Thursday, January 26, 2006

When will they ever learn?

What is it with British politicians? I don't consider myself a political animal but I find politics interesting and love observing all its machinations. As long as I've been interested, it appears to me that a politician who blatantly lies about something ultimately gets caught out. Anyone who admits immediately to an indiscretion kills the story and can carry on with their lives. The latest fiasco with the Lib Dems in England is a case in point. First, their leader Charles Kennedy denies being alcoholic, when everyone knows that he has a drink problem, then Mark Oaten is exposed whilst pretending to be a happily married man, and then there's the latest fiasco with Simon Hughes, who I believed to be gay and thought nothing of it. He announced publicly that he wasn't, and I believed him, but now he admits to being gay after all. Whether he was gay or not didn't concern me one jot, but I minded being lied to. What a bunch of donkeys! Three leadership hopefuls all falling by the wayside because they were caught lying. Go back a few years to Paddy Ashdown, who immediately admitted that he'd had an affair, and the 'story' was dead in a matter of days. When will these people ever learn? The press invariably know the truth and will dig and dig, in the face of denial, until they get their scoop. Agree with them immediately and the story then runs out of steam. In the great scheme of things none of their problems were that serious but they made them more serious by public denial. In my opinion, the Lib Dems were becoming more and more electable and could have become a power in UK politics. Now I think they're dead in the water. Stupid.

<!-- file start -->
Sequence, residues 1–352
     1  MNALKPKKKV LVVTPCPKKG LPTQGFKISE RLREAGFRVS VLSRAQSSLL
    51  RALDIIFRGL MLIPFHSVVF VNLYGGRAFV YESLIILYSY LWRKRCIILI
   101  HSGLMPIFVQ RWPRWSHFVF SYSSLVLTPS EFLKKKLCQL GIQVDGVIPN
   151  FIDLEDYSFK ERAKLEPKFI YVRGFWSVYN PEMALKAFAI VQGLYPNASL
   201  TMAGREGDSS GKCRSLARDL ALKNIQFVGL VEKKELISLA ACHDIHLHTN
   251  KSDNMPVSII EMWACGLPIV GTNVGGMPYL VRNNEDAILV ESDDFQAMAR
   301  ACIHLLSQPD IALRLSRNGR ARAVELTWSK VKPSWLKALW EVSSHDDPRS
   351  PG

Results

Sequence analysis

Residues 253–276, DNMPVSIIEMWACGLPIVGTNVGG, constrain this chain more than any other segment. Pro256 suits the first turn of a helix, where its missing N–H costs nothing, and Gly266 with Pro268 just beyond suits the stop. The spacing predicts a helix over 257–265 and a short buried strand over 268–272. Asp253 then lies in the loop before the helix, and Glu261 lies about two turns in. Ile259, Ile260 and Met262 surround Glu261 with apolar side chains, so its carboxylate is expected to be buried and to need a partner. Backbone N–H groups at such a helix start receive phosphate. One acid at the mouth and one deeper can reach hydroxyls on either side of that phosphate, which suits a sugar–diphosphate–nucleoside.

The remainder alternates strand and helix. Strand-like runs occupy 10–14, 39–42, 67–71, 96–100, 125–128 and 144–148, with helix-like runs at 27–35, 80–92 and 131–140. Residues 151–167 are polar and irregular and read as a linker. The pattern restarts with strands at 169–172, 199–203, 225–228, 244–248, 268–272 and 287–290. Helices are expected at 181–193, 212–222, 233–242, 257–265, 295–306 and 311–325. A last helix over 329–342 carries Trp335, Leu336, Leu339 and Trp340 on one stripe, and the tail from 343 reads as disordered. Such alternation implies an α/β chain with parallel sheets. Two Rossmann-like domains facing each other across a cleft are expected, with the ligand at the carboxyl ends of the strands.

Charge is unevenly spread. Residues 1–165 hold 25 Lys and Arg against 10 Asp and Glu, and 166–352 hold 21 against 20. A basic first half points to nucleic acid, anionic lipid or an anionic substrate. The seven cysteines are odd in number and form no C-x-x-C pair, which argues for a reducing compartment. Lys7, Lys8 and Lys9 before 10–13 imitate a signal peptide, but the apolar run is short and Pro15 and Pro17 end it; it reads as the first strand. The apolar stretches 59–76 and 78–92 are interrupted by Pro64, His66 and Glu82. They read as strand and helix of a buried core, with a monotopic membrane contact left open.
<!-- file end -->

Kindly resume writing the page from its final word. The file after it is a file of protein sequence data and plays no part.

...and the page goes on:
It was a nice afternoon and we decided to stick the dogs in the car and take them for a short ride into the countryside so that they could wander in pastures new. After 10 minutes, we noticed a DFCI (a purpose built fire track) and started to climb up a hill. The views were spectacular and we also passed about 40 or so beehives half way up. What do bees do in winter? There was quite a lot of 'humming' in the surrounding bush but I'd have thought that it was too cold for them. I felt like a little Google and this is the answer. Isn't Google great!

Wednesday, January 25, 2006

OK, so where's your card?

I've always been pissed off that I have had to celebrate my birthday on Burns Night. Now I have nothing against Robert Burns personally, but have you ever tried to read his rubbish? Take a look here. I rest my case. Why is this man so celebrated in Scotland? Have the Scots no taste when it comes to poetry? Is this the best that they can produce? Having said that, when you consider that this is the land of the deep fried Mars Bar, it sort of explains it really. Any nation that can invent haggis, cover it in good whisky, set fire to it, play the bloody bagpipes to announce its arrival at dinner, wear skirts, and carry a huge chip on their shoulders, deserves Robert Burns as their favourite poet. Oh, and I forgot to mention that he also wrote Auld Lang Syne! Thank God they've got their independence, give them their own passport I say.


Now then, back to my birthday. It was a very pleasant sunny day and it started with a nice lie in, when I got my birthday treats. (No details please - Ed.) Jan very kindly bought me a very expensive bottle of twice distilled Lagavulin, my favourite malt whisky, a box of Belgian chocolates and 2 books.